AUSTRALIAN logistics major Qube Holdings Limited has entered into an agreement to acquire Newcastle Agri Terminal (NAT) from the existing shareholders CBH, Viterra Australia, Mitsubishi’s Riverina Australia, and CTC Terminals.
In a statement, Qube said the total cost would be around $90 million, and the deal is expected to settle on September 30, subject to conditions being met.
In the grain space in New South Wales, Qube already owns the former Agrigrain sites at Coonamble and Narromine, and the Quattro bulk terminal at Port Kembla.
The NAT purchase is seen as “highly complementary” to Qube Agri’s assets, and will be part of Qube’s logistics division.
Qube has described NAT as a world-class premium grain-handling export infrastructure delivering highly efficient and cost-effective rail-discharge and grain-loading capabilities.
The terminal’s location enables it to draw grain for export from northern NSW, a region which which has produced an average of around 4.8 million tonnes of grain per annum over the past seven years.
“The acquisition of NAT will further strengthen Qube Agri export bulk service offering to growers and traders the ability now to ship from Newcastle,” Qube Holdings’ managing director Paul Digney said.
The NAT facility has modern rail-receival infrastructure, road-discharge facilities and the ability to load out up to 2000t per hour on to ships.
There are no immediate changes forecast for the business, and Qube said the initial focus of the combined business will be to work with the management team to ensure the same high level of service continues for NAT’s customers, and new opportunities followed up.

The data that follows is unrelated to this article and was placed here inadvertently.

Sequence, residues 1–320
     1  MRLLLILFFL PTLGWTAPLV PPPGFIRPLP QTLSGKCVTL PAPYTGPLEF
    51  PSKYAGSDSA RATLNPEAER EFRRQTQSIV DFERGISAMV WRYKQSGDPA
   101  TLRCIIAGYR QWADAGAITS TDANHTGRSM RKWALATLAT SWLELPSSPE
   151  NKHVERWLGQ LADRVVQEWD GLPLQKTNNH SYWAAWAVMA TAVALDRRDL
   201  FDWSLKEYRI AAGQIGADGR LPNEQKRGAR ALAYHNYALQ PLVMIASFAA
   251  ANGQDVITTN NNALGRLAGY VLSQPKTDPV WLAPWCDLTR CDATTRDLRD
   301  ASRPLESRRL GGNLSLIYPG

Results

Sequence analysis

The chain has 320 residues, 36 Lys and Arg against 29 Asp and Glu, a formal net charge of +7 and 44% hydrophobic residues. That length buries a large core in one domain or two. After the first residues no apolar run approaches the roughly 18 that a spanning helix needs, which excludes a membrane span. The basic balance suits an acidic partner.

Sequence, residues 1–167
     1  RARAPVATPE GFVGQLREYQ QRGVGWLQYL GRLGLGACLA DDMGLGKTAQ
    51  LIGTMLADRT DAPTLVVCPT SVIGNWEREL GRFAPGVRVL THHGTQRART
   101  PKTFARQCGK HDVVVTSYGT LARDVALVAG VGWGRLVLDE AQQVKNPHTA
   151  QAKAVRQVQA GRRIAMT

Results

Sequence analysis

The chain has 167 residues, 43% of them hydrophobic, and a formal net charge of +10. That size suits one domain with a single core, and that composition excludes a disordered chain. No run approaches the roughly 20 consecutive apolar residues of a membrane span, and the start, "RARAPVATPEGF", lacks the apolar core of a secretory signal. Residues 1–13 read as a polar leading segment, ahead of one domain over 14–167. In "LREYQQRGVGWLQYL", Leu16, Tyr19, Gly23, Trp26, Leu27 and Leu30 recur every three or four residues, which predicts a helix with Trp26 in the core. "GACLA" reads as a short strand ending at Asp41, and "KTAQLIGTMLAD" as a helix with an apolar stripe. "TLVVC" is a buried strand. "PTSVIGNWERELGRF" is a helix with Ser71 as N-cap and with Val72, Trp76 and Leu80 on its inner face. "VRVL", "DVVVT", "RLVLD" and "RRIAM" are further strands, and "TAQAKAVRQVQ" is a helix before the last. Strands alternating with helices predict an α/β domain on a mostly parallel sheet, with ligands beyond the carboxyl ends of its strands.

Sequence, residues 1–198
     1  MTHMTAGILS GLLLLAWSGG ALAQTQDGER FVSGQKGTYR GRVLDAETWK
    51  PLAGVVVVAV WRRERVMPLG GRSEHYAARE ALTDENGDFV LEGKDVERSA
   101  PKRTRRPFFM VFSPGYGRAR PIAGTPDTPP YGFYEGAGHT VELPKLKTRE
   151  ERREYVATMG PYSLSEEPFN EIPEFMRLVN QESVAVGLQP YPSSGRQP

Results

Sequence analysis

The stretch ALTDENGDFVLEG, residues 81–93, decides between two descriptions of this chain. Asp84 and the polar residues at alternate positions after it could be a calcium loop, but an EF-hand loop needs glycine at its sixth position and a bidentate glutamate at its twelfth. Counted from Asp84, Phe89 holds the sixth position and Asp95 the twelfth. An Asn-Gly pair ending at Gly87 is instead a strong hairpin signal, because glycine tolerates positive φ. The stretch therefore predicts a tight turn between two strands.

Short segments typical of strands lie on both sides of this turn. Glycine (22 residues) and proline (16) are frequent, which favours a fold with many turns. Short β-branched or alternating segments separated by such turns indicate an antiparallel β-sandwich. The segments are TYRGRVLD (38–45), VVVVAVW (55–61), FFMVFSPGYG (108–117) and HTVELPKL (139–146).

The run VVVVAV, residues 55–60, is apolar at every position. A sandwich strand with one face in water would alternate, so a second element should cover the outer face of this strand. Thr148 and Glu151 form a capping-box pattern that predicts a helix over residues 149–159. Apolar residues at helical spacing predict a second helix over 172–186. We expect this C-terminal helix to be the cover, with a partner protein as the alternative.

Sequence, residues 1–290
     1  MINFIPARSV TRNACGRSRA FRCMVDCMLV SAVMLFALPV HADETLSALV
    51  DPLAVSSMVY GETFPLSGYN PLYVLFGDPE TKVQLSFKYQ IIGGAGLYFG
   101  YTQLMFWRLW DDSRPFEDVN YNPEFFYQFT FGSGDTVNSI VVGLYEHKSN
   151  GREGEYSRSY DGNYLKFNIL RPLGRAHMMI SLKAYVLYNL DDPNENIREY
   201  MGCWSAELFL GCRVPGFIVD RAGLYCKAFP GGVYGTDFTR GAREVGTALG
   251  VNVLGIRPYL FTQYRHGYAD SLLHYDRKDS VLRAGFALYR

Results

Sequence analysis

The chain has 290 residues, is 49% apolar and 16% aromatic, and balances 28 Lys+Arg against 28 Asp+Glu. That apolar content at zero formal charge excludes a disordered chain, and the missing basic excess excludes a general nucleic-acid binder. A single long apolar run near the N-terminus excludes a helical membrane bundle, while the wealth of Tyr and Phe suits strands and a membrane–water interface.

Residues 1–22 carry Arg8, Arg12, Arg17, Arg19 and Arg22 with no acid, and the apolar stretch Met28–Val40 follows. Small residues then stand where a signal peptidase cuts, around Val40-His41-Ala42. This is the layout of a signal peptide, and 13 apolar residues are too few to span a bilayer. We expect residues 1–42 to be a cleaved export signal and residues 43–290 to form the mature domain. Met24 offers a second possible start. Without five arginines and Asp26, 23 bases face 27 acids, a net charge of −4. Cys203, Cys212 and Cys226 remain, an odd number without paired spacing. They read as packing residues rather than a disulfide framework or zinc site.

The NAT terminal was the brainchild of Jock Carter, who saw an opportunity post-deregulation for a second grain-export terminal in Newcastle to supplement GrainCorp’s capacity.
In 2009, Martin MacKay joined Mr Carter in the company CTC Terminals to pitch the proposal to build NAT to stakeholders, and the terminal shipped its first grain in 2014.
“This is great news, and we look forward to working with Qube,” Mr MacKay said.
“Like Jock and myself, they’re a service provider, and we’re looking forward to keeping on doing what we do for our customers.”
The NAT site loads at a berth shared with a minerals exporter, and has 60,000t of silo storage on site.
With this, it loads grain cargoes predominantly ranging in size from around 30,000t to more than 60,000t, depending on the customers’ requirements and capability of the receiving port’s facilities.
Qube’s purchase of NAT means that GrainCorp and Qube will each own one of two terminals at Newcastle and Port Kembla, NSW’s only bulk grain ports.
Qube owns a rail fleet which carries grain and other commodities in NSW, and NAT is expected to continue to be serviced by it and other rail operators which haul grain from country NSW.